Making Scotland The Green Energy Capital Of Europe

Editor’s Note: EarthTechling is proud to repost this article courtesy of OilPrice.com. Author credit goes to James Stafford.

We were fortunate enough to have some time with Scotland’s First Minister Alex Salmond where we discussed a broad range of topics from Scotland’s ambitious renewable energy targets and North Sea oil & gas to Scottish independence and Donald Trump.

scotland-renewables

image via Scottish Renewables

In the interview, Alex discusses:

• How Scotland will achieve its ambitious renewable energy targets.
• The impact North Sea oil and gas revenues would have on an independent Scotland.
• How Scotland can become the green energy capital of Europe.
• Donald Trumps recent tantrum over offshore wind energy.
• The impact Independence would have on the Scottish economy.
• Why companies are continuing to invest in Scotland’s renewable energy sector.
• Why Scotland would establish an oil fund and how it would be used.
• Why the shale revolution will not affect investment in Scottish renewables.
• The recent partnership between Scotland and Abu Dhabi.
• How Scotland will achieve its ambitious renewable energy targets.

Alex Salmond is the First Minister of Scotland and head of the Scottish National Party. He is a champion of green energy and has a vision to transform Scotland into a renewable energy powerhouse whilst aggressively reducing the country’s carbon emissions.

Oilprice.com: If Scotland manages to gain its independence it would receive a 90% geographical share of North Sea oil and gas fields based on a division under international maritime law, roughly 81% of current oil and gas receipts, worth between $9.67 – $19.34 billion annually. Is this income crucial to the SNP’s future economic policies?

Alex Salmond: Even without our offshore oil and gas reserves, Scotland currently has the third highest output per head in the UK, after London and the South-East. And when oil and gas output is included, Scotland’s output per head is 15% above the UK average.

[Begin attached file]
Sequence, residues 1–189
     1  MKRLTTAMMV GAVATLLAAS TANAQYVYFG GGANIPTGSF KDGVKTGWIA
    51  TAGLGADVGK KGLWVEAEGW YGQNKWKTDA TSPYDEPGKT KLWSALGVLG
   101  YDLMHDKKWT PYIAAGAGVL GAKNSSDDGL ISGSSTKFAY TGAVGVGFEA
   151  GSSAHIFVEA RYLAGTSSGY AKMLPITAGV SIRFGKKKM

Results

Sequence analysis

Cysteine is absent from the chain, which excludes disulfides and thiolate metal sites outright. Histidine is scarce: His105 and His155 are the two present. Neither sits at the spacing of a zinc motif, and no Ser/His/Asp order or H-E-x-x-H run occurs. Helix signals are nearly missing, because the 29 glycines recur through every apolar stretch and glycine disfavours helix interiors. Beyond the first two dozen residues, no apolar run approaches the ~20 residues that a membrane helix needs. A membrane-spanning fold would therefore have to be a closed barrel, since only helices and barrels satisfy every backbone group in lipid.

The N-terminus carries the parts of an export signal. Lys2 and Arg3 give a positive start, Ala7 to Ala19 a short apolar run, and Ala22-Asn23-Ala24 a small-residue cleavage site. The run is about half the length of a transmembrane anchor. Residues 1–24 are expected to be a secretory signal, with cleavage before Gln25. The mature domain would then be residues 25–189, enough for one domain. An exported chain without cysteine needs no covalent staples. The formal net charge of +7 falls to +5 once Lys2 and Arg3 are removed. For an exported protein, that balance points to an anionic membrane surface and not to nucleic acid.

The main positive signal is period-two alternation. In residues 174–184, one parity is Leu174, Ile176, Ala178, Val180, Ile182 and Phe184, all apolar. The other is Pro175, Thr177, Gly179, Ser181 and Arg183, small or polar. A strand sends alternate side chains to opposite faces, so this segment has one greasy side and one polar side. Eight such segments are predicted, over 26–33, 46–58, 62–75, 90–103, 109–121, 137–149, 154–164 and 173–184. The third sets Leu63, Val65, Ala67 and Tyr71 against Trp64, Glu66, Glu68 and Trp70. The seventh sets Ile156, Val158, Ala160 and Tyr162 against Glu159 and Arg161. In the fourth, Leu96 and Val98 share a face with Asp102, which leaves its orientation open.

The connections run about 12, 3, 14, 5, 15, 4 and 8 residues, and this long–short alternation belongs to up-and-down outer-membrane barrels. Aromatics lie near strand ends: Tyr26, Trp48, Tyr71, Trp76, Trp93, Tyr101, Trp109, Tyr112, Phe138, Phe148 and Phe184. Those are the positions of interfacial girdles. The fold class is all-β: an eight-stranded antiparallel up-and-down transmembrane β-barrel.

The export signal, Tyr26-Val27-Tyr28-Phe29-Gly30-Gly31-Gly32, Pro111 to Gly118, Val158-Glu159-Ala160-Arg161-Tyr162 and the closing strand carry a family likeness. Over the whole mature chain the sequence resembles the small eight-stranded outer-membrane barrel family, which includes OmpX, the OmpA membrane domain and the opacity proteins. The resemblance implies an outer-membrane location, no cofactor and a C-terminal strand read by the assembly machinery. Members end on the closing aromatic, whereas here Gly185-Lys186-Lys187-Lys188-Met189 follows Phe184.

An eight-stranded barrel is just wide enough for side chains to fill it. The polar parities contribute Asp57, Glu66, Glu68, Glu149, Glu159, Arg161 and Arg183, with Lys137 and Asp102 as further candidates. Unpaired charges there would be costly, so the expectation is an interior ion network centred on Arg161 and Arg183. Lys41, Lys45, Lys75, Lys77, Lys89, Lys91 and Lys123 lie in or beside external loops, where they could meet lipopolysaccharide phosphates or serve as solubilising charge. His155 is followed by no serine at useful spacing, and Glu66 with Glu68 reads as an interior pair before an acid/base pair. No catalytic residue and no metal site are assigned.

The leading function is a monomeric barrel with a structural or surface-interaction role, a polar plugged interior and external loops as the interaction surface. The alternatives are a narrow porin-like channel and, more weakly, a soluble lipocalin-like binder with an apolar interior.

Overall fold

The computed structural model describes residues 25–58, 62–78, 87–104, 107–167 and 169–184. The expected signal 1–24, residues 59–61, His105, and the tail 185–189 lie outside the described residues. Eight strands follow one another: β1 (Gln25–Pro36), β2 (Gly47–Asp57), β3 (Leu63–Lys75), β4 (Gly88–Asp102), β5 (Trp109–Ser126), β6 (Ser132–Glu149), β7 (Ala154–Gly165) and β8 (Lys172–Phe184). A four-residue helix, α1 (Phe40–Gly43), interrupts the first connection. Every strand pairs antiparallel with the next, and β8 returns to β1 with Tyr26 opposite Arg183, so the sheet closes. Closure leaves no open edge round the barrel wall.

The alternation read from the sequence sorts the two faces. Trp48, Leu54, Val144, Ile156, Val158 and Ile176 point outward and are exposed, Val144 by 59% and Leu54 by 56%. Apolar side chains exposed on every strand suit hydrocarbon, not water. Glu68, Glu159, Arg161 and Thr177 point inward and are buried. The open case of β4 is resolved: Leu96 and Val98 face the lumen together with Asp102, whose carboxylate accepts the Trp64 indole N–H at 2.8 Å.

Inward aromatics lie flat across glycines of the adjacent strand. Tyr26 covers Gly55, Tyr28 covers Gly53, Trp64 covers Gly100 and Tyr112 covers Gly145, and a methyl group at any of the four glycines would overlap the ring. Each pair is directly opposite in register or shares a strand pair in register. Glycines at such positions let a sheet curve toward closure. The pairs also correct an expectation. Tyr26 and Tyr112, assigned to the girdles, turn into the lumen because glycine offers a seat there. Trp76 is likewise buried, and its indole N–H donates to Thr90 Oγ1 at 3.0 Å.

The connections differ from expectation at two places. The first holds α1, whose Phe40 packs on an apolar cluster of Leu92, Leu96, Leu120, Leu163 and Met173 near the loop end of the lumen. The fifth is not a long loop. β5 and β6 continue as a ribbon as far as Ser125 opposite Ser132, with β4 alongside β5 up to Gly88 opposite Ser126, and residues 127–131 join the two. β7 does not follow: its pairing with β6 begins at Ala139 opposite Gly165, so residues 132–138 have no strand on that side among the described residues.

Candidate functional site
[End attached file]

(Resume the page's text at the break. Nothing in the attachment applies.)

Energy is important to Scotland’s economy. We have world class companies operating in the global oil and gas supply chain while we will benefit from Scotland’s second energy windfall in renewable energy where we have around a quarter of Europe’s potential offshore wind and tidal energy and some 10% of its wave energy resource.

Oilprice.com: What plans do you have for investing this revenue back into Scotland?

Alex Salmond: In contrast to other oil rich nations, successive UK Governments have failed to take the action necessary to ensure that future generations benefit from the economic windfall from Scottish oil and gas. An independent Scotland would use its oil and gas reserves far more responsibly. Specifically, the Scottish Government would establish an oil fund, once fiscal conditions allow. The development of an oil fund for Scotland would promote economic responsibility and stability. Revenues could be invested, rather than spent on current expenditure, during good financial times, and could counteract the effects of economic downturns.

Oilprice.com: You have stated that there is no chance of any new nuclear power plants being built in Scotland. Does this anti-nuclear stance go as far as shutting down current nuclear power plants? I saw that nuclear power currently provides up to 33% of Scotland’s electricity generation needs – how soon would you hope to close the plants down, and where would you find the extra power?

Alex Salmond: We have always been clear that as long as the safety case can be made we are supportive of the possible life extension of existing nuclear power stations but that we are opposed to the development of new nuclear build in Scotland. New build nuclear power is vastly expensive and prone to delay – and shut downs in recent times have meant they have not been meeting 40 per cent of Scotland’s energy needs. We do not support subsidies for new nuclear.

Nuclear power will also leave a legacy of waste and vast decommissioning costs for the next generation of Scots – we will not add to the issues of decommissioning by building new nuclear plants in Scotland. The legacy we must leave future generations is a world where invention and innovation is used to harness the earth’s natural resources sustainably. And it is in wind, wave and tidal energy, and in carbon capture and storage, where Scotland has strong competitive advantages, both in terms of capacity and expertise. This is where it makes economic sense to concentrate our efforts, and that is what we are doing.

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